Hackers are using online audio and video sharing to plant malicious codes which can hijack users’ computers, the Associated Press has reported.
The codes are being hidden in video and audio streamed and downloaded from social networking websites like MySpace and video portal YouTube.
The discovery was reported by iSEC researcher David Thiel at a Black Hat computer protection conference in Las Vegas.
Any MySpace page you go to you can’t get it to stop playing music at you. You will probably start seeing malware installs this way just like we see through images, Mr Thiel explained as cited by AFP.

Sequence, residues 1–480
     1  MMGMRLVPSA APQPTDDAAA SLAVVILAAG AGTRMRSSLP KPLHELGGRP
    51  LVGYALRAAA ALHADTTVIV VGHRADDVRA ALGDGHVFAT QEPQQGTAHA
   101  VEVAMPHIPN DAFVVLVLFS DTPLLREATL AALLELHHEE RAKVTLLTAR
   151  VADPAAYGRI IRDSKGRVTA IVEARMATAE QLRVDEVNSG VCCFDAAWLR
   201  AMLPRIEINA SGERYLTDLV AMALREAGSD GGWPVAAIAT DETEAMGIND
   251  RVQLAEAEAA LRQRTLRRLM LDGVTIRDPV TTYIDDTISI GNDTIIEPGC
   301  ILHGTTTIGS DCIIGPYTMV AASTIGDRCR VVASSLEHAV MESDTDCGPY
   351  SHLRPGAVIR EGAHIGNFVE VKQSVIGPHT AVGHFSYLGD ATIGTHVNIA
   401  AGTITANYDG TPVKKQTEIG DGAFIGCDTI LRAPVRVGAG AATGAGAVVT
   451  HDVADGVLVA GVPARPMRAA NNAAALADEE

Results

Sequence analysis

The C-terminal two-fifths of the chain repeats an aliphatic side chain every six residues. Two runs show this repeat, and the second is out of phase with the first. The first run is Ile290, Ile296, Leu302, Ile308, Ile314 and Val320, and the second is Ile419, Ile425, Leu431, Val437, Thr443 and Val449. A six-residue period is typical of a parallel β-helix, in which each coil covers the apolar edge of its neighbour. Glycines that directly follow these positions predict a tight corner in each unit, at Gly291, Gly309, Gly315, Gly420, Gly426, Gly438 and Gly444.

Files being targeted include MP3s, internet telephony, and Microsoft’s Xbox Live online software.
Black Hat’s director, Jeff Moss, said Mr Thiel was chosen to demonstrate the files’ vulnerabilities because of the massive increase in popularity of social networking and media websites. This is the next logical place to attack. People know now to open strange documents, but they click on MP3s all day long, he said, as cited by the Associated Press.